A recent DCAA audit reintroduced (or resurrected) a DCAA MRD (Memorandum for Regional Directors) dated March 22, 2010 which provided auditors with DCAA’s liberal interpretation of a January 2010 change to FAR 31.205-46(b) limiting allowable airfare to “lowest priced airfare available to the contractor.”
Briefly, the 2010 FAR change eliminated references to “standard coach or equivalent” (that terminology no longer applied) and more importantly to compel contractors to claim amounts based upon contractor-specific travel agreements with airlines and/or travel agencies instead of ticket prices available to the general public. This change addressed contractors who booked first or business class airfare, comparing that to “a walk-up or same-day coach class ticket” as the baseline for limiting the allowable airfare. In many cases, walk-up coach class was more than the actual first-class ticket price, the latter based upon a discounted price available to the contractor through a specific agreement (not available to the public).
Although the 2010 FAR change was clearly focused on one topic--a contractor’s consistent use of its specific airfare pricing agreements--DCAA’s 2010 MRD introduced other cost allowability considerations which were not in FAR 31.205-46, nor in any of the promulgation public comments and FAR Council responses. Believe it or not, DCAA freely reinterpreted that contractual clause in order to create more opportunities for DCAA auditors to question contractor travel (in this case, airfare costs).
As we reported in a March 2010 newsletter, DCAA’s MRD would introduce new and unintended challenges as long as no one told DCAA to rescind its MRD. In fact, for the first few years after the FAR change, contractors encountered DCAA expectations and assertions which were embellishments of the FAR and (because of this) unsustainable when presented to an ACO for issue resolution. DCAA’s non-regulatory assertions included:
- expectations for multiple quotes from multiple sources (three or more) for every flight,
- consistent use of advance planning to take advantage of lower ticket prices if booked at least 14 days from the travel date, and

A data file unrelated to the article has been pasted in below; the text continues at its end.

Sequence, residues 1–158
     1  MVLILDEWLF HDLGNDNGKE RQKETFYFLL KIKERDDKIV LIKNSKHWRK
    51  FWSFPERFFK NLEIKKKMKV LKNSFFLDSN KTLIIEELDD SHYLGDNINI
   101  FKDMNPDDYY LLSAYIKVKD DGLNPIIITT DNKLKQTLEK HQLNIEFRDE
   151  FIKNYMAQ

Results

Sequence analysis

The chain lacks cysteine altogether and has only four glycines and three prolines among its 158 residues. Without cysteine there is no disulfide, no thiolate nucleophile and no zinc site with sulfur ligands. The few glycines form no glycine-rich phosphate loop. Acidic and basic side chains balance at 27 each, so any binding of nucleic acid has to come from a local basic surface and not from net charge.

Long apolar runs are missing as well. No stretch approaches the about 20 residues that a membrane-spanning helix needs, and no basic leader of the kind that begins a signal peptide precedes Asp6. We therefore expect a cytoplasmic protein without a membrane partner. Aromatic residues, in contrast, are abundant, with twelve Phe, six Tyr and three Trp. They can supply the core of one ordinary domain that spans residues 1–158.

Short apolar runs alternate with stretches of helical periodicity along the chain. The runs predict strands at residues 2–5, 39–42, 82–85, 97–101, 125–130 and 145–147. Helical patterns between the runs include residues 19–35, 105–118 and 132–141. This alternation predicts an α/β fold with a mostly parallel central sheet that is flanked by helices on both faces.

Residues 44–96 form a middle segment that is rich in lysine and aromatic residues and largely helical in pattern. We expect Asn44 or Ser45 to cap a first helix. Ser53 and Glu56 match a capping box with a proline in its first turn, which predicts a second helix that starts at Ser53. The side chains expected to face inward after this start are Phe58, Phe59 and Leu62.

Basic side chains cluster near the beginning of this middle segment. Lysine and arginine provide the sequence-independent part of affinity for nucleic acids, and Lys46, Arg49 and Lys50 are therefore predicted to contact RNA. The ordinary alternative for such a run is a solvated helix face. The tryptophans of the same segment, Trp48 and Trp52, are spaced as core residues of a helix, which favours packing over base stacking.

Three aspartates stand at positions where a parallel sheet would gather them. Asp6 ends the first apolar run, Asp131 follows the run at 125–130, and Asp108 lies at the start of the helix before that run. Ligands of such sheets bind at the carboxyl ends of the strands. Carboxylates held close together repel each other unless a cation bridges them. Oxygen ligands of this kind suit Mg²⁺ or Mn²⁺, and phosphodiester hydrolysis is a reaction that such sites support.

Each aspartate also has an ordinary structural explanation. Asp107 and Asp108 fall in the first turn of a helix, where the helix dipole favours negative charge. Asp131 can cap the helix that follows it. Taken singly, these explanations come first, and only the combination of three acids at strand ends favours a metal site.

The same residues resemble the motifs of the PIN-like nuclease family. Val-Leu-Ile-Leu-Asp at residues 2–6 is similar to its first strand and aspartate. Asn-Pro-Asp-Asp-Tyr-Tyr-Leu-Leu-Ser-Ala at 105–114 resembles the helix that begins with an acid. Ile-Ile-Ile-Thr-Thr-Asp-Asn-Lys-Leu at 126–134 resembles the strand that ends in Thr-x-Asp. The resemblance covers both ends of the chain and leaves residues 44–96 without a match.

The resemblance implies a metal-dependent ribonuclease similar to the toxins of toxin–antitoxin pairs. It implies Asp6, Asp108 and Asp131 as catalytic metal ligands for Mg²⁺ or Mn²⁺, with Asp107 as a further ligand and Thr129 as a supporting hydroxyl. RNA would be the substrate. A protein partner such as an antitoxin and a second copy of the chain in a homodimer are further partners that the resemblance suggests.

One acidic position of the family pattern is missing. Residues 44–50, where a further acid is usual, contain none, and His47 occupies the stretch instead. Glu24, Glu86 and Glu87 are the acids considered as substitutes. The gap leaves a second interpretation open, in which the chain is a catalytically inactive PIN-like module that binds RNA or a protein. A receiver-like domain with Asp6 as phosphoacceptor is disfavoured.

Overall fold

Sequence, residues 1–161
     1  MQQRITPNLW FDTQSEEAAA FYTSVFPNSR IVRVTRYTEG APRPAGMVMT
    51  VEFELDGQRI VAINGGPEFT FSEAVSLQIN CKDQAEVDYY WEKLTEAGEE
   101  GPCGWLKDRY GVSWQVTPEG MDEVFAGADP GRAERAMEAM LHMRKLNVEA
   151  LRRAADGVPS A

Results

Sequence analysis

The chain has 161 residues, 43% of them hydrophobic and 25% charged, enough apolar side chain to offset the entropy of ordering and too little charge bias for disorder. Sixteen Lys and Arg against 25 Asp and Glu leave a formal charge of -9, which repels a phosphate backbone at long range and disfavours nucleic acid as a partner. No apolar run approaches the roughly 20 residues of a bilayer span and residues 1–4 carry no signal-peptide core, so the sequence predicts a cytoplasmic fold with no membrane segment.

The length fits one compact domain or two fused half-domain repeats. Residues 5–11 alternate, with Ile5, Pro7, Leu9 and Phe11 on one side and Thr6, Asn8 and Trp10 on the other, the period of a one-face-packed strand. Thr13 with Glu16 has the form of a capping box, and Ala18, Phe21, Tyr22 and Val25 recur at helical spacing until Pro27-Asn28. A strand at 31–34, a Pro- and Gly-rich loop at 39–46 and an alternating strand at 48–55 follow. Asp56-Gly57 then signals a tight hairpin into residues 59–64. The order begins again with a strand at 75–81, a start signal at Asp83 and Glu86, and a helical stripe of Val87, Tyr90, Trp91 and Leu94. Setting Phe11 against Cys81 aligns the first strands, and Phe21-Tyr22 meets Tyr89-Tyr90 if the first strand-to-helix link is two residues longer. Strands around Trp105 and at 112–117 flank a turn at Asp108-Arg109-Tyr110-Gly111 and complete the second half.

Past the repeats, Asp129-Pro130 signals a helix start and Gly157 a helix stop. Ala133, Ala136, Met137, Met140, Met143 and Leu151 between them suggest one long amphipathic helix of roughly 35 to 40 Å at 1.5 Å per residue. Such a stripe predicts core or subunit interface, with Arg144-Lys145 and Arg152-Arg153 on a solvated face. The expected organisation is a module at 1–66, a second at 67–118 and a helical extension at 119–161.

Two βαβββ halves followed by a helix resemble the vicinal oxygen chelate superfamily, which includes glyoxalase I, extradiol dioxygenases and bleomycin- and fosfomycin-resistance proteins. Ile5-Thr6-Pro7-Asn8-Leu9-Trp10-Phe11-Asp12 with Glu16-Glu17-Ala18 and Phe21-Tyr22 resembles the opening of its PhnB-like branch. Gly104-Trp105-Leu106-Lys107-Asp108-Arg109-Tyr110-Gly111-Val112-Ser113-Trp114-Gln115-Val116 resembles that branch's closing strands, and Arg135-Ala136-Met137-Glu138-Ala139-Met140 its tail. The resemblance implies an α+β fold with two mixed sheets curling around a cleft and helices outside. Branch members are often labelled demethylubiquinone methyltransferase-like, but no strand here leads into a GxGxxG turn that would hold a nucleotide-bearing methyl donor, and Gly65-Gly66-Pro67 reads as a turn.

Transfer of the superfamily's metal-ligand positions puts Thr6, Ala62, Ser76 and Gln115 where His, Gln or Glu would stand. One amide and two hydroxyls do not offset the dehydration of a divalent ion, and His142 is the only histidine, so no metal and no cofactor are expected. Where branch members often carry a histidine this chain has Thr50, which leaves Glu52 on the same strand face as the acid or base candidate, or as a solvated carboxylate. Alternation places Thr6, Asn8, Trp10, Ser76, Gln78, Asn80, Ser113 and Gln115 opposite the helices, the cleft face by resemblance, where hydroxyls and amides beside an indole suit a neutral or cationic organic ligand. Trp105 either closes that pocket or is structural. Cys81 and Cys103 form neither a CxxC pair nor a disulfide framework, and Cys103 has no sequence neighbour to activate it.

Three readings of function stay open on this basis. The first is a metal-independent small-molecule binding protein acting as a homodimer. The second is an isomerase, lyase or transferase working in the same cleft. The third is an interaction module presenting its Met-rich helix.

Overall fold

- minimal change fees for changes in flights.
At some point, DCAA auditors also introduced an after-the-fact test based upon comparisons of contractor airfare to either the DTS (Defense Travel Service) or an FAA historical ticket prices database (in neither case did any of these comparisons represent airfare prices based upon contractor specific agreements).
DCAA’s lack of success with this issue (almost never sustained by an ACO) appeared to have caused the issue to fade into the sunset, but very recently new auditors with old ideas have triggered a Déjà vu all over again (quote attributed to Yogi Berra). In this recent case, the auditors were focused on travel charged direct to Government cost type contracts, and the audit inquiries were obviously concerned with the dates of travel compared to the date that a ticket was purchased (even though all tickets were purchased using a travel agency and a specific agreement between the airline(s) and the contractor). After exhaustive and ever-expanding inquiries, the DCAA auditors identified a number of trips for which the contractor’s explanations fell short of convincing DCAA that the contractor used “advance planning strategies” to yield lower ticket prices. DCAA then used other “published sources” for historical airfare (city to city data) to determine reasonable amounts for airfare and ultimately questioned actual airfare exceeding DCAA’s computation of a reasonable amount. In this case, the audit also involved statistical sampling; hence, cost allowability issues on a few travel/airfare transactions was extrapolated to a universe of all direct travel/airfare costs.
Although this issue is only now evolving, it is a reminder that DCAA audits and DCAA auditors can take issue with any contractor policies and costs claimed, in spite of the fact that previous audits took no issue and nothing has changed in either the regulations or the contractor policies. It is analogous to having a new sheriff in town (i.e. reinterpreting existing regulations and not the least bit concerned with his or her predecessor’s opinions). Unfortunately, a contractor can do little or nothing to prevent an auditor from introducing (or in this case re-introducing) audit assertions which are based upon criteria which is derived from a DCAA internal policy (MRD).
However, a contractor can mitigate risk by consistently following policies and procedures that have withstood the test of time (i.e. previous audits) coupled with the fact that the underlying regulation (FAR 31.205-46(b) has not changed since January 2010. Lastly, a contractor should defend its practices, its claimed costs, by preparing a rebuttal which explains its policies and procedures which reasonably ensure the allowability of claimed costs consistent with the regulations. Secondarily, contractors should address the flaws in any DCAA assertions, particularly those involve embellishing the FAR. Audits and audit assertions should be based upon the “written word” and not DCAA’s preferred version(s) of FAR, and one should never forget that DCAA may represent the new sheriff in town, but DCAA is not the Judge; ACO’s have the authority to accept or reject DCAA’s advisory opinion.